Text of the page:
The gameplay is made challenging by the constant threat of being chased, as well as a number of dangerous blocks that can explode, are booby trapped with hidden spikes or are made of slippery ice. Coins, bonus blocks and extra retries are also placed around the tower to tempt you from the simplest path.
When not being chased around by horrifyingly twisted manifestations of his real life problems, Vincent spends his time at the Stray Sheep, a bar also frequented by a few of his friends. In these segments Catherine becomes more of a role playing game in which you're required to mingle with other people, and talk to Catherine and Katherine, both in person and through text messages.
Over time relationships advance and the convoluted love triangle unfolds, often with terrifying consequences. Much of the joy of Catherine is in its presentation; Japanese animation house Studio 4C, which most recently created the TV Thundercats reboot, delivers gorgeous visuals and there's some top notch voice acting too.
Catherine also features a fairly simple online mode, It challenges players to answer moral questions between the tower stages and a pie chart shows how others responded, allowing you to gauge your moral compass against fellow gamers'. It's not particularly deep but is interesting nonetheless.
You probably won't see or play a game like Catherine again; it deals with mature themes and has simple yet challenging, thoroughly satisfying gameplay. It's definitely worth spending some quality time with.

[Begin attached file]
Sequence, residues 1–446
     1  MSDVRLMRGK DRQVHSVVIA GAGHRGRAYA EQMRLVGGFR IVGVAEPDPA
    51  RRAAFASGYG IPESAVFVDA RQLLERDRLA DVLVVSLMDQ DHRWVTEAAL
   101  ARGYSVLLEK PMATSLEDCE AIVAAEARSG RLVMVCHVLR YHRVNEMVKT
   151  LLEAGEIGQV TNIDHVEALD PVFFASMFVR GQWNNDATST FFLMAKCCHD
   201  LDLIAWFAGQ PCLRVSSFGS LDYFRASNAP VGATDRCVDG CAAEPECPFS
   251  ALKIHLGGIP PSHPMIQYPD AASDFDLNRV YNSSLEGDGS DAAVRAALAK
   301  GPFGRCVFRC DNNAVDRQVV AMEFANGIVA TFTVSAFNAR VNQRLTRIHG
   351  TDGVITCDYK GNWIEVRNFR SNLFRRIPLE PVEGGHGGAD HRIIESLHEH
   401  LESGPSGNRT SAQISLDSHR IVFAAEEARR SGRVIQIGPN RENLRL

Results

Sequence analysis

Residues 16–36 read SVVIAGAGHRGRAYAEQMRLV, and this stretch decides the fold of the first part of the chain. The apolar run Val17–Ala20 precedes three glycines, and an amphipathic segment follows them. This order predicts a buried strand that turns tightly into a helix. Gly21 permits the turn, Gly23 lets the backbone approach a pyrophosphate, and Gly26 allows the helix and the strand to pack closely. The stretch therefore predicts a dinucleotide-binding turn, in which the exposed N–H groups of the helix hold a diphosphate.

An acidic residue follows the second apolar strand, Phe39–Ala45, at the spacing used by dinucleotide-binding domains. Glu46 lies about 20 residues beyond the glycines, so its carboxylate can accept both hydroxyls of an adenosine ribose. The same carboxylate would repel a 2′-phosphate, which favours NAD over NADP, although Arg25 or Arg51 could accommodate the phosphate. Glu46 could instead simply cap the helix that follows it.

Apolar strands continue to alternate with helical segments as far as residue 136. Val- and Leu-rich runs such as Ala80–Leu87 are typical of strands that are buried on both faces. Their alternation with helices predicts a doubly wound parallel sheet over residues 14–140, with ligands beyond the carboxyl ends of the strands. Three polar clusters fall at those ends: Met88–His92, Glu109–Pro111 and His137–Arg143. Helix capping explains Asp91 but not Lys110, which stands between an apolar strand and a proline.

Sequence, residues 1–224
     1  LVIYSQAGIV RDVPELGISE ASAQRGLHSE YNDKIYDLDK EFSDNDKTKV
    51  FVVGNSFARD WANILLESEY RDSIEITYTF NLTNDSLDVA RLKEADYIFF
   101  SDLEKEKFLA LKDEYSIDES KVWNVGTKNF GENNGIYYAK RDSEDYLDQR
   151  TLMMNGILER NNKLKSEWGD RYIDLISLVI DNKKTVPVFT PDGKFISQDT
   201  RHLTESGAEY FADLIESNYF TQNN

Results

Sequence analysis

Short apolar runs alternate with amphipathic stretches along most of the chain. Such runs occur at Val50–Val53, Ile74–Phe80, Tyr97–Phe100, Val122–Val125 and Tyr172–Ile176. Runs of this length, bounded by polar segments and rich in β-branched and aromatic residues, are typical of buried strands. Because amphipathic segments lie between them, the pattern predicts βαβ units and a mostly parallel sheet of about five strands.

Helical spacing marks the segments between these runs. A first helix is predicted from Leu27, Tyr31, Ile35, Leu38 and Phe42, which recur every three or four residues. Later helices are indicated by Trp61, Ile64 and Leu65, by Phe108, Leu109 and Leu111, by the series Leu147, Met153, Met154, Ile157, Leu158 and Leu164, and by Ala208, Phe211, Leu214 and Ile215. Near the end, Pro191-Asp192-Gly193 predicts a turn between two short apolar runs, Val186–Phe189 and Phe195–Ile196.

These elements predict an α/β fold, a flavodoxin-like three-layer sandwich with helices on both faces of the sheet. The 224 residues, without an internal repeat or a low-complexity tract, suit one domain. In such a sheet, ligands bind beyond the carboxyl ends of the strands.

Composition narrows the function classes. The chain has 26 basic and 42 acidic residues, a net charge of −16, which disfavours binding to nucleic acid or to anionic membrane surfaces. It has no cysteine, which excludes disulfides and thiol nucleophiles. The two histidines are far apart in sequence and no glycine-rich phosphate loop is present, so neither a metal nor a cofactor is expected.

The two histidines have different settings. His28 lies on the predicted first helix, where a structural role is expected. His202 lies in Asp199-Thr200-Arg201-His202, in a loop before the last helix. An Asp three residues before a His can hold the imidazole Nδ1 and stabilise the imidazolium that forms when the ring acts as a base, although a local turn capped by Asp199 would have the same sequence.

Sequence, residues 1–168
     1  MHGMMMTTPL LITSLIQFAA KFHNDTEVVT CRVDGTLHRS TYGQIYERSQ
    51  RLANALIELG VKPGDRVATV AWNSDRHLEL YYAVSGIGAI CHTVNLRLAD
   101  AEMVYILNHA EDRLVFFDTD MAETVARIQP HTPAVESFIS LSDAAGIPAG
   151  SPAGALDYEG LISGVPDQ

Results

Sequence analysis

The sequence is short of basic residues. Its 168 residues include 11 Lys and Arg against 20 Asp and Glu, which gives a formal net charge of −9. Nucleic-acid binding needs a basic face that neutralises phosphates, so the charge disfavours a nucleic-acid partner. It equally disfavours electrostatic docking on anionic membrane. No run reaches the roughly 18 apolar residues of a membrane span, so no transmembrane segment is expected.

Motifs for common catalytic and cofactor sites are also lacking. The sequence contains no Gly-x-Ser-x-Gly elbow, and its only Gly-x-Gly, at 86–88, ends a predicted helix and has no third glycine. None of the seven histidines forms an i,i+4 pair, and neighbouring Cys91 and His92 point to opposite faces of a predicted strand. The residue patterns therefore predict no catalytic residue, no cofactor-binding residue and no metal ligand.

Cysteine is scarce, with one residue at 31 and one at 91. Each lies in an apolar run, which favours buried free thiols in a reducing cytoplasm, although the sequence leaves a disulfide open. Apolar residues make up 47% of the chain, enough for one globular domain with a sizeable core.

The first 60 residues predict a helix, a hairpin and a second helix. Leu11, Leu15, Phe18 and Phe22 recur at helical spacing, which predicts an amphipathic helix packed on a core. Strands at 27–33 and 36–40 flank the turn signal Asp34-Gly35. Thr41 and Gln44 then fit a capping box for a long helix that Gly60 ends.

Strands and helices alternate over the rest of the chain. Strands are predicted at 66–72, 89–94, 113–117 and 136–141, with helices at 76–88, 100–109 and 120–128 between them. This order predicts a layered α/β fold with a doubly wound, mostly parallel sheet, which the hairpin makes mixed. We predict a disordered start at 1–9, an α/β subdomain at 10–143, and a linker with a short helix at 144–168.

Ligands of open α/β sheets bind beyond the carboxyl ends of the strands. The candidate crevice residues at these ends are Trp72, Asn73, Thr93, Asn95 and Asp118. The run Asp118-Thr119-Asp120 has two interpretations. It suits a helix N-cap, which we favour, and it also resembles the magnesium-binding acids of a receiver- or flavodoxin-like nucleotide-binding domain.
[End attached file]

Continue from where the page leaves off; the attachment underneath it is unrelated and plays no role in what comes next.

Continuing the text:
- Beautiful to look at.
- Satisfying gameplay.
- Really interesting story.
- Basic online features.
- Can be very challenging at times.
- Some long loading times.
- Beautiful to look at.
"That's when the bad dreams start."
Catherine is one of those Japanese games, like Katamari Damacy and Demon's Souls, that is so unusual, even the people who publish the game aren't sure what to do with it. It took a while to find a company brave enough to bring Catherine to European shores, but it's here now on Xbox 360 and PlayStation 3, and players with a taste for smart, sophisticated gaming will find plenty to like here.
Created by the Atlus Persona Team - responsible for the Megami Tensei series - Catherine takes players into the life of Vincent Brooks, a 30-something slacker who works at a software company and generally leads a ho-hum life. His girlfriend Katherine (note the spelling) is pushing him to get married, maybe even have children. That's when the bad dreams start.
Catherine has two very different modes of play. For half of the story - during the day - you play as Vincent in some low-key social settings, mostly at his favourite pub The Stray Sheep. You make conversation with your buddies, get to know some of the other pub regulars, maybe kill a few minutes on the arcade machine in the corner. It's all pretty laid-back stuff, but it's still enjoyable. The game has a very cool atmosphere, replicating the feel of hanging out in a seedy little Japanese bar.
When Vincent goes to sleep, the game changes dramatically. Vincent is plagued by nightmares that take the form of a fast-paced puzzle game. Each level in the nightmare world is a massive tower of building blocks. Playing as Vincent, you must skitter around the tower, rearranging the blocks so that you can climb your way to the top. Oh, and you'd better hurry, because the bottom of the tower crumbles away a bit more every few seconds. Tarry for too long, and you fall into the darkness.